Listen To The Roar!

Does anyone really understand how amazing God is? I know I don’t. It seems to me our human frailty precludes an accurate understanding, because it’s naturally built into us to think God is exactly like us (i.e. fraught with human frailties) … but He’s not!



The historical figures in The Book of Job weren’t so different than 21st century men and women. Job himself understood God in a particular way; he had boxed God into a human-sized container that made sense to him. Looking at Job Chapter 37, we read a continuation (from the previous chapters) of Elihu’s monologue. Elihu eloquently explains aspects of God’s power and majesty while Job remains speechless.

In chapter 37, Elihu is actually expanding on the theme he began in the latter verses of chapter 36 where he reminded Job and the comforters that God fills up the clouds and pours down rain, He spreads out the clouds in a manner incomprehensible to us, He fills His hands with lightning and commands it to strike. Elihu notes even the cattle understand the sounds of thunder warn of an impending storm. These amazing clues are only a sample, Elihu explains, of God’s great and awesome power!

book-f-job-posterElihu continues to extol God’s power and majesty in chapter 37. He uses familiar images and word pictures … the roar of His voice … rumbling that comes from His mouth … He unleashes His lightning … He thunders His majestic voice … God’s voice thunders … He says to the snow ‘Fall’ … to the rain ‘Be a mighty downpour’ … the breath of God produces ice … He loads the clouds with moisture.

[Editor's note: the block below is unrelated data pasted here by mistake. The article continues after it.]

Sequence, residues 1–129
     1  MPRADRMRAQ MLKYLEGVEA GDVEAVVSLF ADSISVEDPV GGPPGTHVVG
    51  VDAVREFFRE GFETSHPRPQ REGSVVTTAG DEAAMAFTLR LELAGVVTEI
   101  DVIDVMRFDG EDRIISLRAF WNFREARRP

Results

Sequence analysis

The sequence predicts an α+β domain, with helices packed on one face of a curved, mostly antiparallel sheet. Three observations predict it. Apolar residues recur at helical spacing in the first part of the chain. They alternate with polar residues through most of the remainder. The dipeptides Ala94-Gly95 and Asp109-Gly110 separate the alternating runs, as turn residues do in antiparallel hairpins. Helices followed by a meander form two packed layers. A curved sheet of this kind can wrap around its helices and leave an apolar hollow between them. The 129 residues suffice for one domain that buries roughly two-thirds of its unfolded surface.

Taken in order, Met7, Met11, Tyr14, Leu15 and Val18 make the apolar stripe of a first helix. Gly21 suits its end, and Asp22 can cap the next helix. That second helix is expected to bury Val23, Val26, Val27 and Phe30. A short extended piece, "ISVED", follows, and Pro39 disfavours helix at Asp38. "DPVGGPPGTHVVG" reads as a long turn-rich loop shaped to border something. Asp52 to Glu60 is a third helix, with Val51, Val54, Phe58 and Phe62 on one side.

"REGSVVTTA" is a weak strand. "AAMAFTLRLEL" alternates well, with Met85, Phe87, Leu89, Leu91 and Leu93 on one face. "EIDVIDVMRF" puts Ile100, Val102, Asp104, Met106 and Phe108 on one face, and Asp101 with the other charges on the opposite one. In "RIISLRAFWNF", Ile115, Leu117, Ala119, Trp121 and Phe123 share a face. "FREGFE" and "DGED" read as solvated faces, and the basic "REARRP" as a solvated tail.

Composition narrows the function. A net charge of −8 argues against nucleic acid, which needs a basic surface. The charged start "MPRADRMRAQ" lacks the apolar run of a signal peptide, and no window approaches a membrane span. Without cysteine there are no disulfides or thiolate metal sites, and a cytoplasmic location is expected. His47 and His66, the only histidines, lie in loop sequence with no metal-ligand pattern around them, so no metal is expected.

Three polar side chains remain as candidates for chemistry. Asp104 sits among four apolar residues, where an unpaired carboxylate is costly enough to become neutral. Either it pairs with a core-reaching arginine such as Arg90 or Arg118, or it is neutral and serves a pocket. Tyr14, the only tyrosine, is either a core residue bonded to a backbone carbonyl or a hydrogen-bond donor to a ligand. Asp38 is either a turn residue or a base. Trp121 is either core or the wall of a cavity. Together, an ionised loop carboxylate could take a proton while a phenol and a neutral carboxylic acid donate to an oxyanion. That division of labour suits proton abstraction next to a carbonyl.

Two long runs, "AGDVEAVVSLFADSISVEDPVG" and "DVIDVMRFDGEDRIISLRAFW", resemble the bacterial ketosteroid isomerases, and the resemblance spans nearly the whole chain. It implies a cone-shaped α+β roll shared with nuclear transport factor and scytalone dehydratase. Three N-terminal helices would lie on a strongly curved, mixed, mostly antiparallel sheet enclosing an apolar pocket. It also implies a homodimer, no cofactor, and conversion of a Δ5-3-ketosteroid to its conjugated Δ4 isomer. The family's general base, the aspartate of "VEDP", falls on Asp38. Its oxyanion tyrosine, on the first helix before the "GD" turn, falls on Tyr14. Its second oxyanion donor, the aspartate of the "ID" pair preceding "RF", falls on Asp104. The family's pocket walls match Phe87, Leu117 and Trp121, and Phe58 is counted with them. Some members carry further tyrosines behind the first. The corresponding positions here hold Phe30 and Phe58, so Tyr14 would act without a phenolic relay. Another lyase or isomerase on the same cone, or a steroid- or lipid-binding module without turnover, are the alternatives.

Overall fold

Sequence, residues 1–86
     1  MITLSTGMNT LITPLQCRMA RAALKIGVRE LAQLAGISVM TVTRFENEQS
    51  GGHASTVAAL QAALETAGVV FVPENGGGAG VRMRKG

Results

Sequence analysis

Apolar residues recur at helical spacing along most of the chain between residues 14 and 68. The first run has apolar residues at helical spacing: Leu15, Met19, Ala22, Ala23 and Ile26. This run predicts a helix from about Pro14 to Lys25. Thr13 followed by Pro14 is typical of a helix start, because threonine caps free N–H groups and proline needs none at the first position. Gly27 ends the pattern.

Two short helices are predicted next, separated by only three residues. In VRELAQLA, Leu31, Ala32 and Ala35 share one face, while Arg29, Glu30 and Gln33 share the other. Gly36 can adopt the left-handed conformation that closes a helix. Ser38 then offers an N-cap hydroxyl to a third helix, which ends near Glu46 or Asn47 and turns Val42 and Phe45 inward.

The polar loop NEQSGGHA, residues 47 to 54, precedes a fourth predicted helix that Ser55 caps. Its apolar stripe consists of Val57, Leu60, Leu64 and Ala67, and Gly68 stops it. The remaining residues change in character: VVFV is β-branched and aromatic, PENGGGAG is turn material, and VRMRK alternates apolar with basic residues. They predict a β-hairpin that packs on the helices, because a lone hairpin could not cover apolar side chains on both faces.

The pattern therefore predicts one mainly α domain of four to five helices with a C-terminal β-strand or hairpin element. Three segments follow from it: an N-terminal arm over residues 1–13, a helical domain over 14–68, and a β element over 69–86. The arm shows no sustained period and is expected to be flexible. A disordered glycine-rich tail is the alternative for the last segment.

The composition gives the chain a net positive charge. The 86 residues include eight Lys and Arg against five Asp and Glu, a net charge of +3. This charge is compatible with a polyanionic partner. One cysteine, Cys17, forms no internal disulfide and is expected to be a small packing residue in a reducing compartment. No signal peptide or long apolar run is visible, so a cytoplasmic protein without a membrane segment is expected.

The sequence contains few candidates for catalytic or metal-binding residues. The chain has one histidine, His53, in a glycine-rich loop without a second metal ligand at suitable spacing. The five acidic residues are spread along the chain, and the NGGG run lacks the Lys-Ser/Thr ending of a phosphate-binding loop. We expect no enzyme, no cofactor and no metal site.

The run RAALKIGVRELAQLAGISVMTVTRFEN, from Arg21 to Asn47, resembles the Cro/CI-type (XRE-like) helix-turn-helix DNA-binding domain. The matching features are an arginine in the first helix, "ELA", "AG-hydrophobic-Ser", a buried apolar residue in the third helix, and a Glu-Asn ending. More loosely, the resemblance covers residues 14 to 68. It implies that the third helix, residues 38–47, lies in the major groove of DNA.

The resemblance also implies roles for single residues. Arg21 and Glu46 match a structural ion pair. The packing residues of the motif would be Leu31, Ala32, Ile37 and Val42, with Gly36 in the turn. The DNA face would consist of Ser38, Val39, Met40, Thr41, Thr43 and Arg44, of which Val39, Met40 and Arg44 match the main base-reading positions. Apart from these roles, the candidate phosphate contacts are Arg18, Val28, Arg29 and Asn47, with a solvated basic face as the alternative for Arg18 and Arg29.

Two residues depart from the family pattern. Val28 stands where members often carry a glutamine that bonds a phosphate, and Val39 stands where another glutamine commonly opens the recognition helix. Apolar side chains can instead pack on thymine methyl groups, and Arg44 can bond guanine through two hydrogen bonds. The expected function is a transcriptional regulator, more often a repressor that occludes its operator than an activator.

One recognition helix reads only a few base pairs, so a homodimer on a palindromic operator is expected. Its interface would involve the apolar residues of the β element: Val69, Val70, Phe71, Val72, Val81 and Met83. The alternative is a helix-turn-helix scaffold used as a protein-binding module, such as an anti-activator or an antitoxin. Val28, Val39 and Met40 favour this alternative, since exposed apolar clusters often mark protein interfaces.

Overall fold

After Elihu has expounded at great length the wonders of the Creator, he adopts a more personal appeal in verse 14, urging Job to “Listen … stop and consider God’s wonders.” I can almost imagine Elihu grabbing Job’s collar and saying, “Pay attention, Job! Snap out of your lethargy! God is bigger than big!”

Job the filmElihu’s appeal is sincere, but there’s sarcasm as well. He asks:  Which of God’s abilities is Job able to replicate? Does Job have any control over the clouds and the lightning? With all his vast knowledge (definitely sarcastic), does Job have ability to direct cooling winds over the planet? As rhetorical questions, Elihu knows their answers:  of course not!

In this chapter of Job, Elihu sings the praises of a Creator who is both immensely powerful and intensely personal, the God who is beyond our reach but who graciously regards the wise in heart. This chapter is a beautiful prelude to chapter 38 when God actually speaks directly to Job out of the storm.